Overdue or Simply Owing to Innocuous Abnormality?

I’m breaking my own moratorium on prenatal blog posts due to some new information I got from the hospital today when I asked for a fetal non-stress-test appointment. My homebirth midwife, Maria, had recommended I do so as soon as possible, since as the night swings us over to October 1st, I’m now exactly 1 week past my due date — 41 weeks pregnant — according to my due date of September 24th.

In the prenatal world, due dates are the all-important arbiter of progress, scheduling, health, and — most importantly — danger. Risky outcomes for fetuses reach a nadir at 38 weeks and then slowly rise every day as the pregnancy progresses. Today, 42 weeks is considered the absolute limit in length of a healthy pregnancy.

I’m actually less than convinced about the 42-week safety barrier, at least as far as my own situation is concerned. Here’s why.

The following may be classified “too much information” for some people because it’s very plain talk about sex and lady things. Proceed at your own risk and don’t come whining to me or my mom about something icky you accidentally read. Yeah, you heard me.

There are several different methods of calculating due date based on some kind of normative averages for women’s bodies, i.e. length of menstrual cycle (28 days) and length of luteal phase (14 days).

The rough and dirty standard for a due date is based on the first day of your last period before you got pregnant. Then it factors a 28-day menstrual cycle to decide when you ovulated, figures more or less immediate implantation, and then adds 280 days. Poof, that’s when the baby’s going to pop out.

The problems with this can be described abstractly, but I’ll just use myself as a prime example. Try using CPMC’s Due Date Calculator using December 1st, 2009, as the input date.

According to that, I conceived around December 15th and I am today 3 weeks and 2 days overdue. GASP!

The only problem with that is that I wasn’t having sex anytime around that date. The next sexual contact I had was on December 31st. Or January 1st, depending on how you look at it.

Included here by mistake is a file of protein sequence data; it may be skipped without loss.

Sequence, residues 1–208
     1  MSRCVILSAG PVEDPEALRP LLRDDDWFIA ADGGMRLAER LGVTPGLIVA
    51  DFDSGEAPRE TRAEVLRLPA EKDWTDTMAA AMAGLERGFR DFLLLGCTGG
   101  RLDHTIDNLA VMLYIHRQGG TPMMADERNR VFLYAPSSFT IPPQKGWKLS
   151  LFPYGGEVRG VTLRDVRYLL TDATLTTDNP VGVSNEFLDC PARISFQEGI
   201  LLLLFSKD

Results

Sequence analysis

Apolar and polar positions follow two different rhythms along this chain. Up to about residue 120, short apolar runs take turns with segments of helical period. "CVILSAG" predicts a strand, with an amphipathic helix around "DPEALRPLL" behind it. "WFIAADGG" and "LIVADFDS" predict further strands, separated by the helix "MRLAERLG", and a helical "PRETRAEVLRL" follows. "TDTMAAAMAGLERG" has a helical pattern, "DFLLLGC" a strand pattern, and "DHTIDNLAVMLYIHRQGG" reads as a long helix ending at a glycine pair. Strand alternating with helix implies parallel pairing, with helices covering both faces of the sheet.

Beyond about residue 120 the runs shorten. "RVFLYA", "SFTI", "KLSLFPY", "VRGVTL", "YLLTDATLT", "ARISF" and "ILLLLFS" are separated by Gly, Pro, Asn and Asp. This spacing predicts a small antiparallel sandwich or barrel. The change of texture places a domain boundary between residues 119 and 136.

Ok. Given that my next period definitely hadn’t started yet, that means I’m WAY off the average for menstrual cycle length and possibly also for luteal phase length.

And indeed, that is the case. Although I’ve never seen fit to calculate my luteal phase, so I don’t know it, my menstrual cycle falls in a range between 30 and 34 days of length, depending on how much exercise I’ve had, how much stress has been in my life, how much sleep I’ve gotten, and how much fat was in my diet. On January 1st, I would have expected to see my period start that day or the next.

But it didn’t. Ahem. We have a conception date.

Playing with this due date calculator that allows adjustment of menstrual cycle and luteal cycle lengths shows me that, using this model of fertility, the only way I could have conceived on January 1st would be if I had a cycle length of 45 days. But I’d been pretty regular all last year, despite lots of changes in my life, and 45 days is a ridiculously LONG cycle, besides.

The more plausible scenario is that I was still fertile on the last day(s) of my cycle. That’s not accounted for in the standard model, so we just have to move on to something that accommodates more abnormality.

(Let me just pause to marvel at how unlikely it is for anyone to conceive at the tail end of a cycle. In fact, the statistical likelihood of George’s conception goes down with each detail one considers in the whole story [which 99.99% of you will never hear]. Someday I’ll put a real number on it, and it will be devilishly small and adorable and precious… I digress.)

Due date calculators that start from conception date are simple date-additions (conception date plus 266 days), but they do a much better job of predicting gestation length than the cycle/luteal calculator. So let’s feed January 1, 2010, into the calculator for conception date, yielding September 24th, 2010, as the due date.

Done! I’m due September 24th. I need to deliver on or before October 7th, 2010, to stay within the “safe zone” of 42 weeks for gestation length.

There’s just this one huge hitch. I think I’m predisposed to a 43-week gestation length.

My midwife won’t let me go past 42 weeks, she says, and St. Luke’s Hospital won’t even accept me as a patient past 41 weeks, 5 days.

I’ve been playing along with the whole “42 weeks or bust” thing, thinking it wouldn’t be an issue — of course I’ll deliver “on time”! — but now I’m getting worried.

I do not want to be induced with pitocin at the hospital and subjected to the whole cascade of interventions that will impede or totally obstruct my ability to have a natural experience where I am engaged and feeling every part of the birth. And I certainly am not cool with the increased chances for a caesarian section that come along with the interventions.

It’s really upsetting to me that I could be subject to all of that simply because my little patch of normal and healthy operation lies on the freaky outskirts of what is statistically considered normal and healthy based on global averages.

This story isn’t over, though. The phone call from the hospital this afternoon changed my outlook. Next blog post.

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